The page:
Tag: websites

More Government Websites Encrypt as Google Chrome Warns Use…

More Government Websites Encrypt as Google Chrome Warns Use…

Algolia
Google Chrome, the most widely used Internet browser, has officially started warning users that unencrypted Web pages are “not secure.” Among those “not secure,” as of Aug. 9: The front pages of the official government websites for 14 states and four of the nation’s 10 most populous cities. Encryption — most easily represented with an “HTTPS” rather than “HTTP” in front of a site’s Web address — is the practice of encoding data traveling between a website and its visitor so that any third parties who are a
4 ways brands can use Amazon to boost their own websites

4 ways brands can use Amazon to boost their own websites

Google Site Search
Olivier Schott, founder and chief marketing officer, Scalefast. The world of retail is undergoing seismic shifts, one of the biggest being the growing importance of direct-to-consumer (DTC) e-commerce. Today, brands are realizing that their direct-to-consumer channel provides the best way to build lasting relationships with consumers and is critical for long-term success and customer loyalty. At the same time, it is difficult to ignore the rising domination of Amazon. In 2017, the retail giant alone accounted for a staggering 44 percent of the entire U.S. e-commerce market. For many consumers, Amazon is the default starting point when looking to buy products online. In fact, Amazon is now the most popular product search engine on the web, surpassing even Google. Amazon has rough...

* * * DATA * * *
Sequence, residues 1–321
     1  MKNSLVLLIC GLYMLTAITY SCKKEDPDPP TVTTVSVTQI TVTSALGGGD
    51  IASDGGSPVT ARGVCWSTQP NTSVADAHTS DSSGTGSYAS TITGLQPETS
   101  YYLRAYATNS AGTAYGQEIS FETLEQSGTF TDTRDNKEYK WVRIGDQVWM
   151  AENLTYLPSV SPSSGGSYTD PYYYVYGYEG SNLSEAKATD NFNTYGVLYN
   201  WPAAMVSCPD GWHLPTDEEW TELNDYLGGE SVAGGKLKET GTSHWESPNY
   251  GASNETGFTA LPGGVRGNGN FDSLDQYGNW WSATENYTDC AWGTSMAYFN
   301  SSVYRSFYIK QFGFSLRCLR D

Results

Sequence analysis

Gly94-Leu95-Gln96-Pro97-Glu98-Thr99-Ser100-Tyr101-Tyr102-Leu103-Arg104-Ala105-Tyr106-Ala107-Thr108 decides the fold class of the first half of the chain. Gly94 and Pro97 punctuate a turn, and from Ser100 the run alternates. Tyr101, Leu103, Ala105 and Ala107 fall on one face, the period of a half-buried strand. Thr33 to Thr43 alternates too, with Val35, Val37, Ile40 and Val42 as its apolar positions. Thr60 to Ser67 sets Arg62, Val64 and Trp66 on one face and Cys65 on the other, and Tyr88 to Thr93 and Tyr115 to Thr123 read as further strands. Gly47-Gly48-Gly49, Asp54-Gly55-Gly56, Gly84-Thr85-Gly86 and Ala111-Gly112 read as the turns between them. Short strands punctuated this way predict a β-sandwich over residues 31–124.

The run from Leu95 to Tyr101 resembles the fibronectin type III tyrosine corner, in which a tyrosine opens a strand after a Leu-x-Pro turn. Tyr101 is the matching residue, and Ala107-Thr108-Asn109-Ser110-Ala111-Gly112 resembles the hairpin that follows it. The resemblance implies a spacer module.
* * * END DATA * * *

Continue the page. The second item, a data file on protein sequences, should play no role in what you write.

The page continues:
Haunted by a mugshot: how predatory websites exploit the sh…

Haunted by a mugshot: how predatory websites exploit the sh…

Algolia
Gregory Rakoczy was asleep in his van at a Maryland campsite when six police officers knocked on his door. A fellow camper had Googled his name and found a mugshot indicating he was a felon on the run. He was not. Rakoczy was arrested and held for 20 hours. Afterward he immediately Googled his own name and found that his picture had recently gone up on Mugshots.com for criminal charges he had faced 15 years ago. At that time Rakoczy ran a company that installed audiovisual equipment in homes. He was charged with fraud after his firm sold dozens of clients one model of TV but installed a different one – a mistake he said was made by a distributor, but one he should have noticed. Most of the 90 charges – one for every person sold the wrong TV – were dismissed after he replaced the TVs